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How to Beat Seasonal Affective Disorder

By: 
Renee Despres

For people with seasonal affective disorder (SAD), short winter days often mean misery. Symptoms of SAD may include intense mood swings, strong food cravings, overwhelming fatigue, sleeping too much, and general malaise. Other symptoms include anxiety, lethargy, difficulty sleeping, and social and sexual problems. Here's how you can beat seasonal affective disorder this winter.

About half a million people are affected by SAD every winter, most during the winter months. One out of ten people will experience symptoms during the summer.  Women are more likely to experience SAD than are men, and they have their first experience when they are between 18 and 35 years old. Geography is a key risk factor for SAD: The further you live from the equator, the greater your risk of the condition -- and the more likely you are to experience a more severe form of the condition.

SAD is frequently misdiagnosed as hypothyroidism, hypoglycemia, infectious mononucleosis, and other infections. Many people with SAD also experience other psychiatric conditions. According to the National Alliance for the Mentally Ill (NAMI), more than half (55 percent) of people with SAD also have severe depressive disorder, and alcoholism affects more than one-third (34 percent).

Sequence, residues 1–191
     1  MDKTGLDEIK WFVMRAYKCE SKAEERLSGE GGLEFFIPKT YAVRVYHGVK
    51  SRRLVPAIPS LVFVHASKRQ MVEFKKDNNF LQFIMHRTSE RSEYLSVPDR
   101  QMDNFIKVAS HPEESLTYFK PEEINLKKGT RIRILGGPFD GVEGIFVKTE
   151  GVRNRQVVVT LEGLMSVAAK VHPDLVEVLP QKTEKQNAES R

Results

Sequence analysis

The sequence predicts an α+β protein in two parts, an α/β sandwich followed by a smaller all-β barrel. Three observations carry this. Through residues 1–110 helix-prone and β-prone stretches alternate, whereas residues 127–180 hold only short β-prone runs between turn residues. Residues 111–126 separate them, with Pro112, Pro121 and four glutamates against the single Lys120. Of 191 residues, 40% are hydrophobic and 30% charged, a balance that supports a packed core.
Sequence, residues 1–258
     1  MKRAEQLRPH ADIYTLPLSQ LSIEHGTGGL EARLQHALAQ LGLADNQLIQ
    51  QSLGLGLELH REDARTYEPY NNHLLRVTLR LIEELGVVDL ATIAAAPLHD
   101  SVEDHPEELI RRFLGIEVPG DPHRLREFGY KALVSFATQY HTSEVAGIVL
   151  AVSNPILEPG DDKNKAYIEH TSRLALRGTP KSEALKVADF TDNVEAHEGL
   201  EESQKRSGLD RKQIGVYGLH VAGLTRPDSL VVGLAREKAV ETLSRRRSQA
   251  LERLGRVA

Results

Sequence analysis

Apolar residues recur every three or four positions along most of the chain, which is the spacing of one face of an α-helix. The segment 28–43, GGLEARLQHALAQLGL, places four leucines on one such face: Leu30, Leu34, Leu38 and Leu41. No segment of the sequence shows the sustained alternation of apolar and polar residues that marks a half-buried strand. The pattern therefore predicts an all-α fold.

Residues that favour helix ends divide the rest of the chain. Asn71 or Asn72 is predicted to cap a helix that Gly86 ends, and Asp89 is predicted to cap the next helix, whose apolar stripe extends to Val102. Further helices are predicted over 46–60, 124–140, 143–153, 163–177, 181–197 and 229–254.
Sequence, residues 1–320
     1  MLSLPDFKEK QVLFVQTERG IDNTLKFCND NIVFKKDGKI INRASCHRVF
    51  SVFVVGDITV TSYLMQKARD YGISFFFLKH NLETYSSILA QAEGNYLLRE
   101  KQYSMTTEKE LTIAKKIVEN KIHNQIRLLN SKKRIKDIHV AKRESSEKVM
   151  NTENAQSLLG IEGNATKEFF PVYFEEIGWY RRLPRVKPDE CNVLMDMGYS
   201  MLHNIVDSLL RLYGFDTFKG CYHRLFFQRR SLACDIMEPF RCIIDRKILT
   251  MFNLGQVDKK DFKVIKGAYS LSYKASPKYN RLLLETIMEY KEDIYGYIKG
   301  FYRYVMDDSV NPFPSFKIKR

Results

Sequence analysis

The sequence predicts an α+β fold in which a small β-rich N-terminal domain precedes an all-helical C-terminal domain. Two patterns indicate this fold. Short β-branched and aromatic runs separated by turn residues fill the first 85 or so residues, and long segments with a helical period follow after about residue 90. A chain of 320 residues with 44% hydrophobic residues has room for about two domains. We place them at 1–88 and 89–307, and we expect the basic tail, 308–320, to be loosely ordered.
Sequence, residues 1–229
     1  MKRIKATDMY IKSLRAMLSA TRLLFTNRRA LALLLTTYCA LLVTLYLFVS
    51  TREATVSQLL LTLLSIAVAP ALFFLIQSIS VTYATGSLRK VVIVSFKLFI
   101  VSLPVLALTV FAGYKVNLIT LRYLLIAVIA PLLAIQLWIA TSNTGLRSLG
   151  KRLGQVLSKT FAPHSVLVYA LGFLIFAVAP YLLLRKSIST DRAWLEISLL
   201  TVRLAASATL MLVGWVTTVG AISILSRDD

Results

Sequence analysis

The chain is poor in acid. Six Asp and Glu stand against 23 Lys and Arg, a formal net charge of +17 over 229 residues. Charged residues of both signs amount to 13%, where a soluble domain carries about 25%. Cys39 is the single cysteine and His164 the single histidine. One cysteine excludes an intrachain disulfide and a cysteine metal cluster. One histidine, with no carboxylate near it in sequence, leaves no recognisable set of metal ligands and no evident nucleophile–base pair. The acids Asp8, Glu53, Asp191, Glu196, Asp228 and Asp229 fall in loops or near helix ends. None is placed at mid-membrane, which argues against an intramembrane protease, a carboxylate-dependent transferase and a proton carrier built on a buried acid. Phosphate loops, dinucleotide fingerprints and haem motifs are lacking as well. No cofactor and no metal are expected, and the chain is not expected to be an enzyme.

What Causes SAD?

No one is sure exactly what causes SAD, or why some people are susceptible to it and others aren’t. Seasonal changes in the pattern of sunlight and dark are thought to cause our internal “biological clocks” to shift and become out of synch with the sun and our daily routines. Melatonin is a hormone secreted by the pineal gland in response to darkness.  Shorter days lead to greater production of the hormone, which may cause symptoms of depression.

Treatments for SAD

Treatments for SAD focus on ways to reset the brain’s central clock.

  • Expose yourself to natural light. People with mild SAD may find relief simply by increasing the amount of natural light. Move your desk near a window.  Go for a walk outside at lunch, when the day is brightest. Arrange your schedule to ensure you get outside for a few hours during the brightest time of the day.
  • Use artificial light therapy. Standard treatment for SAD involves exposure to bright white fluorescent light between 30 and 90 minutes a day during the winter. Focused light therapy may also help to “reset” the body’s clock and offset SAD symptoms. For most people, this therapy is most effective if it is used in the mornings.
  • Ask your physician about melatonin. While researchers are not sure exactly how melatonin is related to sleep and body rhythms, they do know that in people with undisturbed biological clocks, about six hours elapse between the time the pineal gland secretes melatonin and the middle of sleep.  Taking melatonin at the right time of day may help to reset the body’s clock. In one study, people with SAD who had “short” sleep cycles showed marked improvement in symptoms when they took melatonin supplements each afternoon.  Melatonin should not be taken unless under the guidance of a physician or qualified health-care provider.